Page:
Bizarre lawsuit: mechanic kills boss with car, car owner gets sued

Originally published at: Bizarre lawsuit: mechanic kills boss with car, car owner gets sued | Boing Boing


No, you really don’t.


Also in line for the law suite parade are the tire manufactures, those tires held air so they’re libel.


well, there’s another 1-star review for that shop.


And they had a tread design that allowed optimum traction, and therefore…


I wonder if the owner can then sue the dealership? For exposing him to such liability? Is that the way this will go down?


Though it seems counterintuitive and outrageous, I think this is standard operating procedure.

I was in a terrible car crash that was not the fault of the vehicle owner or driver. My lawyer sued the owner in order to reach his insurance company. A settlement was reached between the insurance company and two other parties who were clearly at fault.

Perhaps a lawyer who knows the domain could chime in here.


I read the entire article, this is in my backyard. What a messed up situation.

The dealership should have stepped up and settled but they would have to foot the bill on their own.

This whole thing is being driven by lawyers and insurance companies.

All of that is why we carry a 3 million dollar umbrella policy to cover anything like this that might come up. Of course I’m sure any claim would be fought by the insurance company.


I don’t see any explanation why the dealership cannot be sued.


The article linked to explains it.

A judge ruled the dealer does have to pay the judgment if the Jeep owner is found liable.

Of course the dealer is fighting that.


“The first thing we do, let’s kill all the lawyers.”

I know, I know, the problem is, then where do you stop?


Probably not, if they slip a forced arbitration clause into their statement-of-work agreements.


The owner has sued the dealership and a judge ruled the dealership must provide indemnity to the Jeep owner if he loses.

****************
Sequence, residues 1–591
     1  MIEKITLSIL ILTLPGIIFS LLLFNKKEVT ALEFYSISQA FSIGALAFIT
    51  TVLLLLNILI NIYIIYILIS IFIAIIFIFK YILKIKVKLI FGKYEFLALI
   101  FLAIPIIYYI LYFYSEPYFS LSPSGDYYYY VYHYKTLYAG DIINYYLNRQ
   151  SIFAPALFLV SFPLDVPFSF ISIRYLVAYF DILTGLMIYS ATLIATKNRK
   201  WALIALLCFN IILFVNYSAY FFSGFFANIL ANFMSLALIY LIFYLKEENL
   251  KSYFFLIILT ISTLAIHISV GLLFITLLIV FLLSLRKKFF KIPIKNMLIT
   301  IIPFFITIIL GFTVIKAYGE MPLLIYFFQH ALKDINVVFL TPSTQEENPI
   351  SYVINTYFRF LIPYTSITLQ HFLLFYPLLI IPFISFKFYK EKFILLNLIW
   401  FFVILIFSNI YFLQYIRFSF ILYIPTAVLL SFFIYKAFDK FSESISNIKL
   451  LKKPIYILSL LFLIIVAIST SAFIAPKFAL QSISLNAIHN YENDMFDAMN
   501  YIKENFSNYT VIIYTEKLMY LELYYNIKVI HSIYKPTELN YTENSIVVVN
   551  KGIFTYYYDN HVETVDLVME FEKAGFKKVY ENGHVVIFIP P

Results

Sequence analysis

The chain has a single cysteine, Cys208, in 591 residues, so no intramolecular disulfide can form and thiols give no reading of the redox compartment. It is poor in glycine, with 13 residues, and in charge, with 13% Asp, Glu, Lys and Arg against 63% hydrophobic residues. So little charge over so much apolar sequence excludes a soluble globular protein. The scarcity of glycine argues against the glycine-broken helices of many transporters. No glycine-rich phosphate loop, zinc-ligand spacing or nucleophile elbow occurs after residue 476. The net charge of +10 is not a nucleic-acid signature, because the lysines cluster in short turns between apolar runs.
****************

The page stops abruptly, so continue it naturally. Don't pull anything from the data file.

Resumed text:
The dealership is, of course, fighting that.


The thing that seems so confusing to me is why it isn’t the business owners’ insurance that is being asked to pick up the bill rather than the car owner’s. If an employee had crushed his supervisor using a hydraulic jack instead of a customer’s car then surely it would be classified as a workplace accident rather than an automobile accident.


In Michigan, an injured coworker cannot sue the boss because of the boss’ negligence. According to FOX 2’s Charlie Langton, in this case, the boss is negligent because they hired someone who didn’t know how to drive a stick and didn’t even have a driver’s license.

Sounds like Michigan law needs to change. Why wouldn’t you be able to sue the boss because of the boss’ negligence? That makes no sense…unless it was just a corrupt legislative giveaway to business owners by the state government.

According to Langton, it would be the same if you took your car to a restaurant with a valet and you handed the keys over. Under state law, if the valet driver injures someone with your car, you are responsible.

Except I’d argue, probably unsuccessfully in court, that the car owner didn’t hand his keys to the employee, but to a representative of the company that the employer chose to trust. For the the car owner to be liable, you’d have to have some kind of system set up for the car owner to vet every employee of the company who might touch their car. That’s not practical legally or logistically. Nobody would ever get their car serviced if they had to do that.


Another reason to be thankful to be car free.


I mean, yes, apparently, they really do. If they want their clients—the family of the victim—to be compensated, anyway.

The Michigan law at issue here, which amounts to “the owner is the first defendant in line when there’s a car crash,” is basically sensible. It reduces, not increases, the interlocking tangles of lawsuits that result when you have multiple parties. In THIS case, it’s more complicated, because it’s intersecting in an unusual way with worker’s comp—which ALSO greatly improves things in most cases vs. the system in which each individual worker is responsible for suing their boss every time they get a minor injury on the job.

The indemnity ruling is a straightforward way of untangling this unique tangle. The car owner is being sued, but he is just a pass-through. One way or another, that will hold. I would bet my law license on it.*

* if I had one


Chelsea Peretti Eye Roll GIF by Brooklyn Nine-Nine


I’m wondering if this will be cover on the Legal Eagle youtube channel. It sounds like the sort of counter-intuitive case that he likes to explain.


“We think it was permissive use of the car!”
“The insurance company failed to prove it was an intentional act”
-Half the judges in Brooklyn dealing with insurance coverage issues.

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